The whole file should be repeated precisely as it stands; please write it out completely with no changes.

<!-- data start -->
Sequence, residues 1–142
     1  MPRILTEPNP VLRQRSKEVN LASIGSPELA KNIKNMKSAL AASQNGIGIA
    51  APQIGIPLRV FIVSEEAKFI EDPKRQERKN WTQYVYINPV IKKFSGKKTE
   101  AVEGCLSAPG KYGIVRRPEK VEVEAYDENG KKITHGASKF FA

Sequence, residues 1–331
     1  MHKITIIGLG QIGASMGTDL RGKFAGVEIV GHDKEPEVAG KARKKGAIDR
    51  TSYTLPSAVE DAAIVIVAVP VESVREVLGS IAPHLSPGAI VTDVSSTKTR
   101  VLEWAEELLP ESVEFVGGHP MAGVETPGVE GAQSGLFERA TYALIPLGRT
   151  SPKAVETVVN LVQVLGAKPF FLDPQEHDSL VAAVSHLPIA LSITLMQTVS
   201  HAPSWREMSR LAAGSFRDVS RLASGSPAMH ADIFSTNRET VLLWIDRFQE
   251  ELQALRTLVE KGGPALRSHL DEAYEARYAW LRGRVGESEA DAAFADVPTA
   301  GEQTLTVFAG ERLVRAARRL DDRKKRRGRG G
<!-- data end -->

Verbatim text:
Sequence, residues 1–142
     1  MPRILTEPNP VLRQRSKEVN LASIGSPELA KNIKNMKSAL AASQNGIGIA
    51  APQIGIPLRV FIVSEEAKFI EDPKRQERKN WTQYVYINPV IKKFSGKKTE
   101  AVEGCLSAPG KYGIVRRPEK VEVEAYDENG KKITHGASKF FA

Sequence, residues 1–331
     1  MHKITIIGLG QIGASMGTDL RGKFAGVEIV GHDKEPEVAG KARKKGAIDR
    51  TSYTLPSAVE DAAIVIVAVP VESVREVLGS IAPHLSPGAI VTDVSSTKTR
   101  VLEWAEELLP ESVEFVGGHP MAGVETPGVE GAQSGLFERA TYALIPLGRT
   151  SPKAVETVVN LVQVLGAKPF FLDPQEHDSL VAAVSHLPIA LSITLMQTVS
   201  HAPSWREMSR LAAGSFRDVS RLASGSPAMH ADIFSTNRET VLLWIDRFQE
   251  ELQALRTLVE KGGPALRSHL DEAYEARYAW LRGRVGESEA DAAFADVPTA
   301  GEQTLTVFAG ERLVRAARRL DDRKKRRGRG G